1) I let stock get assigned to my puts, owning shares at $2 per share minus net collected premium. Right now, since I’ve collected roughly $.50 per share in premiums from selling and rolling these puts, I’d own shares at a discount to recent trading prices, and this discount increases if the if the share price rises closer to $2 strike. Additionally every time I roll out the expiration, this cost basis gets further reduced. (Not the article to fully develop this, but selling puts to “buy” shares, or selling covered calls on owned shares is a longstanding strategy to reduce cost basis.)

2) I continue to roll puts expiration out, collecting more premium and lowering cost basis if ever “put” the stock. This allows more gain and likely profit on the same held capital, especially useful and profitable if share price moves sideways for an extended period of time.

3) If the stock jumps above $2, my puts expire worthless. I miss capital gains but have premiums and unlocked capital for other trades. While the gain should be calculated on held capital to be fair, it is a nearly 25% return. Of course, I would miss out on any further appreciation, much like I did when the “rocket ship” appreciation happened in 2021. Like that trade, I am content collecting call premium, having recently created a small TastyWorks account for just that strategy.

Two Risks To Be Aware Of

There are two risks-and yes, this hearkens back to my bearish article and sometimes bearish nature.

First, Saphyr is still a research only system, and market saturation could occur at some point. With the number of shares outstanding, there may be a realistic cap on share price appreciation, especially as credit and liquidity have gotten tighter and could remain so. Without speculating about take-overs, “to the moon” “stonk” appreciation or other market dislocations we recently witnessed, even the 50-60% appreciation BNGOs share price has made in the past 18 months (even if down substantial from the peak) may be a realistic market cap for the near-term. If Saphyr falls out of favor, or a competitor supplants the ongoing adoption of the system, BNGO could continue to be valued poorly, and even risk delisting as they did a few years ago.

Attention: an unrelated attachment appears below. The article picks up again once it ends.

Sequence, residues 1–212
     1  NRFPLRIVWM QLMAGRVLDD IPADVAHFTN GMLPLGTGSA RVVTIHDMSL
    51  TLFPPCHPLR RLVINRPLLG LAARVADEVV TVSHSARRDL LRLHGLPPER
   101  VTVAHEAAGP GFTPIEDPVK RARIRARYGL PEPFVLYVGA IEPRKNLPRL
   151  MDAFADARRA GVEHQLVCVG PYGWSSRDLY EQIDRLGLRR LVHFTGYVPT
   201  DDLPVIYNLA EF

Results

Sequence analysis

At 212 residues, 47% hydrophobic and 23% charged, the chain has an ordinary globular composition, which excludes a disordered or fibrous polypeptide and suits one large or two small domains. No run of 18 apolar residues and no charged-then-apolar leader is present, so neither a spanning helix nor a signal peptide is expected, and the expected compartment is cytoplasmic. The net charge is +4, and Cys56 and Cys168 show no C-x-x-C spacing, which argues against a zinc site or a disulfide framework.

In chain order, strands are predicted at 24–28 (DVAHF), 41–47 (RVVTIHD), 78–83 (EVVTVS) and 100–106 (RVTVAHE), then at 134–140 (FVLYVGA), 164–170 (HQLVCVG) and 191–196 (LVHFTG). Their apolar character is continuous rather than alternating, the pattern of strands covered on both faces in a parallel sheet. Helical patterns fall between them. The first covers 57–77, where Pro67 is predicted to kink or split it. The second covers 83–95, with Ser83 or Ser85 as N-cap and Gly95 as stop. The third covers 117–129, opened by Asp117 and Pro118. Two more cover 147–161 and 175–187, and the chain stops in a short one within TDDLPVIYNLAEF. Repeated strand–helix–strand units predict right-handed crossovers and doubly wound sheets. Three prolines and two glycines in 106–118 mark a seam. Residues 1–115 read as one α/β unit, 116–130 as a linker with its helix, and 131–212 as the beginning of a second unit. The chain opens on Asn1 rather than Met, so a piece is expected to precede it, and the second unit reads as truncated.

The second risk is not unique to Bionano Genomics, although it definitely applies. By selling puts, I am contractually bound to buy shares in the company. The only way to avoid this is buy the puts back-potentially at a loss-or roll the puts out to a later expiration. While I currently have collecting more in premium than the difference between the share price and the $2 strike price, if Bionano’s share price dropped rapidly a small paper gain could turn into a significant loss. With the wider adoption of the Saphyr system, it is unlikely the share price would go to zero, but as a put seller I could end up with shares at a purchase price well above the current, or a future, market price. One way to balance this risk is the modest total value of capital I would have “at risk” if BNGO shares are “put” to me below market price. While learning and developing as an options trader, the advice of others is also my advice: any one underlying stock/ETF and option position should be a small (ideally <3%, preferably even 1%) of your capital. In my riskiest account where this position is, it’s about 3%, and that account is a small portion of our financial worth.

I feel, for me, a small foray back into Bionano Genomics selling puts is a good strategy to take advantage of low strike options, the company’s much more realistic valuations and continued execution. Even if the stock is put to me, the small amount of capital at risk and potential for future appreciation makes me more positive if not truly bullish on Bionano Genomics.

Best wishes for investment success!